Goss Appoints "Dusty"
Enjoying his newfound job security, Porter Goss has appointed "Dusty" Executive Director of the CIA. Dusty is a 22 year undercover logistics officer who primarily worked within the "Office of Global Support" [NYT], which may have been formerly known as the Office of Deployed and Externally Assigned Personnel in the National Geospatial Intelligence Agency [PDF about the name change].
This is probably better than the appointment of an open Republican hack, but it raises a number of problems. Most importantly: how is democratic oversight of the CIA supposed to work when covert operatives are being elevated to the highest positions? Walter Pincus, who broke the story for the Post, reports that he "will become public fairly soon," but how much transparency will there really be? There are very real fears both about the CIA's vulnerability to politicization and about Goss' intentions. Appointing covert operatives isn't reassuring.
Dusty's experience is important and the guy probably has a lot to offer. But the Executive Director "manages the day-to-day administrative activities of the $5 billion agency, including personnel and budgeting matters, while the director and deputy director focus on intelligence and clandestine operations," according to Pincus. Reuters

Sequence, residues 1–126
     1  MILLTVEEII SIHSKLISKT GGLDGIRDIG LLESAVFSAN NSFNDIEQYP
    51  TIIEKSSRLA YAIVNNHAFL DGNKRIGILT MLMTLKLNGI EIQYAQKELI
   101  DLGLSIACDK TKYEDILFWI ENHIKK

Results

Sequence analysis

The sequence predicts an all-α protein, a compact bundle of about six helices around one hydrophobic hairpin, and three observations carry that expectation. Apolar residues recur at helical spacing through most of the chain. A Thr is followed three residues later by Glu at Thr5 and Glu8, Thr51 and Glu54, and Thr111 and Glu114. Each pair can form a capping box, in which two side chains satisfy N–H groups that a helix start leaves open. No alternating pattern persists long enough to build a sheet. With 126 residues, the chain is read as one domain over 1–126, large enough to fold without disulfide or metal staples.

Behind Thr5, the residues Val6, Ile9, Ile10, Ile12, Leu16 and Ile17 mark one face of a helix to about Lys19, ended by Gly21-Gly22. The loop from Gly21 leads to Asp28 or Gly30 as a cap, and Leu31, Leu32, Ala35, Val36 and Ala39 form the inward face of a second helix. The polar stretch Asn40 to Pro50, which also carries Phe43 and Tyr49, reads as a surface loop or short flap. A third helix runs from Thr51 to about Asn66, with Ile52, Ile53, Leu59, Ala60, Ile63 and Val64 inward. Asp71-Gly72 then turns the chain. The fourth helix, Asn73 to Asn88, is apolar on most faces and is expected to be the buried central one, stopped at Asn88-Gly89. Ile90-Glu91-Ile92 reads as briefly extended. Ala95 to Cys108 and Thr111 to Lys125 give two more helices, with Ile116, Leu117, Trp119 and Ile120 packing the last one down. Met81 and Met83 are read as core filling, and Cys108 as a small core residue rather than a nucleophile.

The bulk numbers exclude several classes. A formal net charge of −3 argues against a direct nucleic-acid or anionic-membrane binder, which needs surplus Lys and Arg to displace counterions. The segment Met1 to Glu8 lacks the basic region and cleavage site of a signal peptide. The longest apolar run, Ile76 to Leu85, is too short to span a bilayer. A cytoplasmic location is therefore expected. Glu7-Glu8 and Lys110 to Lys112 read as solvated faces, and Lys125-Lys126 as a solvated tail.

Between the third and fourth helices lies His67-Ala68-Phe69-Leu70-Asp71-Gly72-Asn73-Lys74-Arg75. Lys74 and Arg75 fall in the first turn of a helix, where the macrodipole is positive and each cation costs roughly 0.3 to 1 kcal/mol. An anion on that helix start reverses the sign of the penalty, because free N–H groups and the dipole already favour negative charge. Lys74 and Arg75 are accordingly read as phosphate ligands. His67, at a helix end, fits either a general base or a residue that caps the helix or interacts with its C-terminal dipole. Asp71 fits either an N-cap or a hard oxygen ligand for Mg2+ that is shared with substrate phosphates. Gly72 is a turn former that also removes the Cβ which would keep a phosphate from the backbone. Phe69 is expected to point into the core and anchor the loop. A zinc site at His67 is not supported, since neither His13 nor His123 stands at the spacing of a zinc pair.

A former intelligence official said putting someone who had run offices that rented spaces and made sure supplies were delivered for various operations into one of the top jobs at the spy agency was "leaping many layers."Reuters also notes that Dusty came to Goss' attention because he sniped about the CIA to Goss' House Permanent Select Committee on Intelligence. According to Pincus, he was close to the Republican staff members Goss has already brought over to the Agency.
Background on Goss.
Update, 11/9/04, 3:59 PM EST: Laura Rozen highlights an alarming article from the NY Sun's Eli Lake. Goss is purging the CIA, replacing "80 people who are holding jobs they should not be holding" with "some of the old bulls around in (President Reagan's director of central intelligence) Bill Casey's day."
Rozen seems to have mixed feelings about the changes, but I'm a bit more cynical. Goss is restoring the "moral values" of the Iran-Contra era. He is putting our security in the hands of people that have an outdated, statecentric, Sovietological approach to national security. He has embraced partisan "it's our due" thinking - Robert Baer says "people in the CIA bet on the wrong horse....Goss is going to clean house." This is what we were all worried about with Goss - that he would be guided not by what's best for the nation but by conservative sympathies and biases. He is already on the Woolsey path.